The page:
- The Vindication of Contractual Undertakings. The Court considered that the agreement required any arbitral proceeding to occur in Nigeria and to apply Nigerian law, and because it was at least arguable that this was a non-arbitrable tax dispute under Nigerian law, it could not be said that the parties agreed to arbitrate this dispute. That was different to Pemex, where the respondents participated in the arbitration “without contending that its act of administrative rescission was beyond the reach of arbitration” or without any dispute as to whether the arbitration clause applied to the underlying dispute. The Court held that, ultimately, while it was arguably unclear whether this matter was a non-arbitrable tax dispute under Nigerian law, the concerns voiced in Pemex did not apply—namely, the agreement did not clearly call for this dispute to be arbitrated. The Court therefore held in NNPC’s favour on this point.
- Retroactivity. Esso argued that the Nigerian courts’ “unprecedented” decisions to hold this dispute not arbitrable serve as a retroactive application of the law. The Court considered that the Nigerian Court of Appeal conducted a fulsome analysis to determine whether tax disputes were arbitrable and whether the dispute at bar was a tax dispute stating that while the Court was sympathetic to Esso’s situation, it was in no position to pass upon the Nigerian courts’ interpretation of Nigerian law or upon the sufficiency of its precedent. The Court held that the Nigerian courts’ holding did not offend basic standards of justice from the point of view of the United States.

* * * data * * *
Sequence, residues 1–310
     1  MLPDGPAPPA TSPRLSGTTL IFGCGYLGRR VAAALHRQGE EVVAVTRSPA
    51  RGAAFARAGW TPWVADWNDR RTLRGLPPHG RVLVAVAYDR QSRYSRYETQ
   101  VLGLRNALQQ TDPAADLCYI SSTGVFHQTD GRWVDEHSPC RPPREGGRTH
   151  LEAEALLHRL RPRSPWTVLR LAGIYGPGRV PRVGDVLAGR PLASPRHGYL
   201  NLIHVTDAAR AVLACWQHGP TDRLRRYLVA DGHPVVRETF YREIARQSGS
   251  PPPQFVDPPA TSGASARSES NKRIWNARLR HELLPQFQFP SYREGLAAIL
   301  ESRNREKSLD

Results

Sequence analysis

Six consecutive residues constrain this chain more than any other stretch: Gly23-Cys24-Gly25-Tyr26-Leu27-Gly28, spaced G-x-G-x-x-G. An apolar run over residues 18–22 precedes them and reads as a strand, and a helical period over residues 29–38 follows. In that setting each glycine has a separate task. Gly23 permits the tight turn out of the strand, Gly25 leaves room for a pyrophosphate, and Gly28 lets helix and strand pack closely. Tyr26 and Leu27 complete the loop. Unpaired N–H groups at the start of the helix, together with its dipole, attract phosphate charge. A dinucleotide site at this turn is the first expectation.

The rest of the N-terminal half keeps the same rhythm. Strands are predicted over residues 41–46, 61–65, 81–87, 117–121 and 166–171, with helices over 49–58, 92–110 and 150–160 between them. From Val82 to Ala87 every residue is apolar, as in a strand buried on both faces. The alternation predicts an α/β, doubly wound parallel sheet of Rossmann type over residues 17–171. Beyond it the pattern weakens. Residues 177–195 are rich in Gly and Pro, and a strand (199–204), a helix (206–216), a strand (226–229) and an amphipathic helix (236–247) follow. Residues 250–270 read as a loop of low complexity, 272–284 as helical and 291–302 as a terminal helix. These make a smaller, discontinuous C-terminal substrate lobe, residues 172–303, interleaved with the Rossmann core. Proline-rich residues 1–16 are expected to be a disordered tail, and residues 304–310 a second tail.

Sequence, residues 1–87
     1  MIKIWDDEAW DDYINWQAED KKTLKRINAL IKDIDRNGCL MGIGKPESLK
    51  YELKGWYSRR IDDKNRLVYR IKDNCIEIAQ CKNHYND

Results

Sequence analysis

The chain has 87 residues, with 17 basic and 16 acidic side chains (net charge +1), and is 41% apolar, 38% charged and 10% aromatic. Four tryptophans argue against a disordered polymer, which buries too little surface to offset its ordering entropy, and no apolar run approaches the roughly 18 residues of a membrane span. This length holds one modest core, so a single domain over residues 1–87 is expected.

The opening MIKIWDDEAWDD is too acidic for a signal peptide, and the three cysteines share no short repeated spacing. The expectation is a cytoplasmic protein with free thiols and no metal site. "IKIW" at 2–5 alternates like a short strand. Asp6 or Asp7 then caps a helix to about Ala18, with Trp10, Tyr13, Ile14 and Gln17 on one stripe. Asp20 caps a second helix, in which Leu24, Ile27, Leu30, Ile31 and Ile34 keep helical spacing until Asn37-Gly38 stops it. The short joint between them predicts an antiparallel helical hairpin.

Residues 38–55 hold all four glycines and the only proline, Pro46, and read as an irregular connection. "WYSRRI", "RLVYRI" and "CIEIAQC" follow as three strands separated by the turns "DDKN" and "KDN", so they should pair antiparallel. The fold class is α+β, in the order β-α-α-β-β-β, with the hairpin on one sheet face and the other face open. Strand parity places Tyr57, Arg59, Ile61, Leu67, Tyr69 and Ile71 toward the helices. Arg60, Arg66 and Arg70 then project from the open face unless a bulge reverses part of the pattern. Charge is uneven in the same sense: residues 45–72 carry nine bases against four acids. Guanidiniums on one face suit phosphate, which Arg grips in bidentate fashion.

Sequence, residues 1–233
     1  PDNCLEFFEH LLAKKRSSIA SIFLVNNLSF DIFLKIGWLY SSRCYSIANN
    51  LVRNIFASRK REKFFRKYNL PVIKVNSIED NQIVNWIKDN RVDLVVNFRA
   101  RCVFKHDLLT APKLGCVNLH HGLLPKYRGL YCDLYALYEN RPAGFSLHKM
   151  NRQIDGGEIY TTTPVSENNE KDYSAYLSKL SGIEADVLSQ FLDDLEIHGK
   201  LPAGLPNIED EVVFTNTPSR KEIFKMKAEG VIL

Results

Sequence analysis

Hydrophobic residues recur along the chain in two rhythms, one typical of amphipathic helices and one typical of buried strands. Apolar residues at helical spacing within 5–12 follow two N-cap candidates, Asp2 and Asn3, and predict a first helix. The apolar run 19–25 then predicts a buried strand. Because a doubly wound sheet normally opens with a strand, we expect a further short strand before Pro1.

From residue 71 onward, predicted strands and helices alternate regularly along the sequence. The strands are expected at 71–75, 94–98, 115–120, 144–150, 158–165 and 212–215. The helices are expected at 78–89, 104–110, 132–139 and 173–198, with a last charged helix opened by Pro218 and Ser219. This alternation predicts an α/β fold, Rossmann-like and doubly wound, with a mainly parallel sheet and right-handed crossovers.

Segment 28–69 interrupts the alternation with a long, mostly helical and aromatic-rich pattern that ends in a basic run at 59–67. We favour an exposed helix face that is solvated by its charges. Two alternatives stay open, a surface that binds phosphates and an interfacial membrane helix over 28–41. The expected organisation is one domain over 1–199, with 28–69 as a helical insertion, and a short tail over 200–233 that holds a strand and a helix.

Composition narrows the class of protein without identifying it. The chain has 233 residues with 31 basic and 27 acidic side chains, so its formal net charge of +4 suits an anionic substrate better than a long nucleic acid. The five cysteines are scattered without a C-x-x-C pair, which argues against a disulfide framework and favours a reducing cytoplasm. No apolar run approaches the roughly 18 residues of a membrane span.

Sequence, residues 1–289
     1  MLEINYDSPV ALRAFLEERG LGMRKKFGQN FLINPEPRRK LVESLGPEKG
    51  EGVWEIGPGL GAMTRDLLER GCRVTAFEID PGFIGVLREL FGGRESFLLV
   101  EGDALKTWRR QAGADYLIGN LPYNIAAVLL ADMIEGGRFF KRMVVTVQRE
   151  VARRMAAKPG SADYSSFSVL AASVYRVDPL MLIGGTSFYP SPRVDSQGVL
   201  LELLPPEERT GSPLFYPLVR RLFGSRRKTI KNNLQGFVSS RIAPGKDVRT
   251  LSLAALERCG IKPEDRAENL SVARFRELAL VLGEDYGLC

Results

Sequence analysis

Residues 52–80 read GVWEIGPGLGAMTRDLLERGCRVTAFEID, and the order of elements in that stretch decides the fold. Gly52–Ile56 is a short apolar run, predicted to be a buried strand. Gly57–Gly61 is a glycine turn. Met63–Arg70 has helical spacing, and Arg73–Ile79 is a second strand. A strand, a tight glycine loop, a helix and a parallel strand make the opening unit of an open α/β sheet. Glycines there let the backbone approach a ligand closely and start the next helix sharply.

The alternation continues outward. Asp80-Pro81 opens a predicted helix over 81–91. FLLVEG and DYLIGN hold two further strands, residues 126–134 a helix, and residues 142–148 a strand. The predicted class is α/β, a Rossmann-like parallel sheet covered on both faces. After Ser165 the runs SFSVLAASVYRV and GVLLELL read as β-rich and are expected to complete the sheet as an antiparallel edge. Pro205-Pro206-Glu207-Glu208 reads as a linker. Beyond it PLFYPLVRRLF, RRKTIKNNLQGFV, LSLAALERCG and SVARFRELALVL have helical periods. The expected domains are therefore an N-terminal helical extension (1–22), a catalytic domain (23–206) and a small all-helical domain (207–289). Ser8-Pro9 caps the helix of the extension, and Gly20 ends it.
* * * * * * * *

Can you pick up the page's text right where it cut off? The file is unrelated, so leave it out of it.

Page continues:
Its conclusion on the application of Pemex was as follows:
“In sum, although a close call, this Court finds that the Pemex considerations favor NNPC. Despite the seemingly anomalous rulings by the Nigerian courts—i.e., that NNPC is liable but that no damages can be recovered—and the alter ego relationship between NNPC and Nigeria, this case does not raise the concerns animating the Second Circuit’s decision in Pemex. Here, NNPC contended “[f]rom the outset of [arbitral] proceedings . . . that the Tribunal lacked jurisdiction because the dispute between Petitioners and NNPC was allegedly a ‘tax dispute,’ rather than a contractual one.” (Atake Decl. ¶ 23.) Moreover, this is not a case where the Nigerian government changed the law after Esso had the Award in hand. Accordingly, and because this Court must act with “trepidation and reluctance” in enforcing an arbitral award that has been set aside at the seat of the arbitration, it declines to confirm the Award under Pemex. See Baker Marine, 191 F.3d at 197 n.3 (“Recognition of the Nigerian [annulment of the arbitral award] in this case does not conflict with United States public policy.”)”